Piedmont Ringlet

Erebia meolans


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Male, Val d'Aran, July 2011



Male, Val d'Aran, July 2011



Female, Val d'Aran, July 2011



Female, Val d'Aran, July 2011

Erebia meolans

Male, Switzerland, July 2012




Female, Val d'Aran, July 2011



Female, Val d'Aran, July 2011



Male, Val d'Aran, July 2011



Female, Switzerland, June 2010 - an unusual form

Erebia meolans

Male, Switzerland, July 2009

Erebia meolans

Male, Val d'Aran, July 2008

Erebia meolans

Female, Val d'Aran, July 2008

Erebia meolans

Male, Switzerland, August 2011, with Scotch argus behind

Erebia meolans distribution

Distribution

This butterfly is widespread and sometimes very common in the mountains of western Europe. I find it abundantly along flowery tracks in the Val d'Aran, in the Spanish Pyrenees, though much less often in the Alps. It obviously flies on my local mountains, as I have occasionally come across an individual, but it is always an event to find one.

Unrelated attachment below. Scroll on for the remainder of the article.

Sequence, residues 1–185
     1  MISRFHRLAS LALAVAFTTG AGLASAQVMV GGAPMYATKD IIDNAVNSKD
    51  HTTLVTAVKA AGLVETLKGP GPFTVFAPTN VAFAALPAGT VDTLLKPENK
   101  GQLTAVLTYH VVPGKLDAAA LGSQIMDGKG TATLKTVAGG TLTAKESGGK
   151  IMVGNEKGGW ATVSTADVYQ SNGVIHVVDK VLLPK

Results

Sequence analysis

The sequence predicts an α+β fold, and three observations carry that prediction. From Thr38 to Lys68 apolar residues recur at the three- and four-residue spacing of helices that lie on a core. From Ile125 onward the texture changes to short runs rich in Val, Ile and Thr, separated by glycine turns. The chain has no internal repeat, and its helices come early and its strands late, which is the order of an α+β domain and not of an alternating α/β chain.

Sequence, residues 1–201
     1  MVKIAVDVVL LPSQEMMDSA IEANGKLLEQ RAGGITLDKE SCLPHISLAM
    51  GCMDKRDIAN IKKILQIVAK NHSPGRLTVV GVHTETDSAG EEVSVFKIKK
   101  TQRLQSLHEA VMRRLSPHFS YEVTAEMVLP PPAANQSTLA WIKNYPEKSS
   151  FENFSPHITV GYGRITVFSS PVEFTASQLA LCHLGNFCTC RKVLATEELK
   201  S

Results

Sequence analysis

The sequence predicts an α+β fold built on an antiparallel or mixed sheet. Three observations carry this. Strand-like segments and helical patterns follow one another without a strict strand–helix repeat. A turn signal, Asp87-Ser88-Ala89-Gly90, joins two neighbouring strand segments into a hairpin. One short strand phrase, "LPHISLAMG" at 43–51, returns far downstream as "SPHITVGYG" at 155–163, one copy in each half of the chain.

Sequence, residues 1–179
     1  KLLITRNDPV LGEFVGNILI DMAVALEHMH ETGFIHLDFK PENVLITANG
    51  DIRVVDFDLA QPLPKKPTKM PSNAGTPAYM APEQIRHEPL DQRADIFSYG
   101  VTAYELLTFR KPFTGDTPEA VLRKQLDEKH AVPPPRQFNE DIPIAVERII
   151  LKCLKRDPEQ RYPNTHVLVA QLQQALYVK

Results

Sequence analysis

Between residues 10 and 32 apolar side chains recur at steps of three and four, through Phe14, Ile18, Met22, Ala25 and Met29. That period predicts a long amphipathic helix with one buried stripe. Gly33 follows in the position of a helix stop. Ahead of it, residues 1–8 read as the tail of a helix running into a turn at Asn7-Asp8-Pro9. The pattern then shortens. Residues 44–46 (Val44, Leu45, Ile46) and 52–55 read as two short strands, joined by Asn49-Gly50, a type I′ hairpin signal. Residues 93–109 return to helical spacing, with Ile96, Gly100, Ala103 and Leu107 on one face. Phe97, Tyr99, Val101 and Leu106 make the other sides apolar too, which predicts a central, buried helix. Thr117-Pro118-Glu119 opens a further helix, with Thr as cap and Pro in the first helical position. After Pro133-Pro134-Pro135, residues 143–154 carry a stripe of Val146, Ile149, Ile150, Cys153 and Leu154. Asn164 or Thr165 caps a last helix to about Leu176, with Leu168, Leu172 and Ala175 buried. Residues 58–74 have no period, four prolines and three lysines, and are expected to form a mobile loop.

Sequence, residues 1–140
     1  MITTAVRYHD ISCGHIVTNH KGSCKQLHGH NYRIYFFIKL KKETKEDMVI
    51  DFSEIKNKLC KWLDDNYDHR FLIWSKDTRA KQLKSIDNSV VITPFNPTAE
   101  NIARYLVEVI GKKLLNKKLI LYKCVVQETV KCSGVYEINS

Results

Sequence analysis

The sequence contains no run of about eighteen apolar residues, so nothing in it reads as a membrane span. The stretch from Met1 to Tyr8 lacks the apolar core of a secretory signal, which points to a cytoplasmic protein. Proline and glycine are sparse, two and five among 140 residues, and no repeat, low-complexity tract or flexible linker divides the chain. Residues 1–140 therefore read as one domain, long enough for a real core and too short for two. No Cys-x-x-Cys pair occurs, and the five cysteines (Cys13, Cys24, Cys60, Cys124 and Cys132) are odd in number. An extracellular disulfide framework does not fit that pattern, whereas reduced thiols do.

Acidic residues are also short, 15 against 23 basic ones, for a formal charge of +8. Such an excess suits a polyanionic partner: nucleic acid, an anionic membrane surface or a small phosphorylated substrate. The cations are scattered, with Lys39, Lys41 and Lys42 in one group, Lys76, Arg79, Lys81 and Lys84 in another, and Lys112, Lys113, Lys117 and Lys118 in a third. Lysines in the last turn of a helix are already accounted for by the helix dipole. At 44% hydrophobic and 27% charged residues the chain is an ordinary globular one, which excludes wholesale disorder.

The Piedmont ringlet is very variable but certain features are constant and it is usually easy to identify. It is a medium to large Erebia, with upperside and underside different. The male underside is smooth and dark, with the post-discal spots on the hindwing very narrowly (or not at all) edged in red. There is often a whitish tide mark across the middle of the hindwing. The female underside is similar, but paler. On the upperside, there are conspiuous white-pupilled eyespots, usually set in a broad, red band on forewing and hindwing, though some forms have reduced markings on all wings. On the hindwing, the eyespots are very obviously on the outer edge of the red band (or the outer part of red spots) rather than central. This is constant and a useful feature to know.

The flight period is said to be late May to August, though I have never seen one before the end of June. Although the species may be found above 2000m (I have seen it flying with Gavarnie ringlets at 2100m in the Pyrenees) it is commonest between about 900m and 1500m and flies as low as 600m. The larval foodplants include common bent grass, wavy hair grass, mat grass and sheep's fescue. The species hibernates as a caterpillar.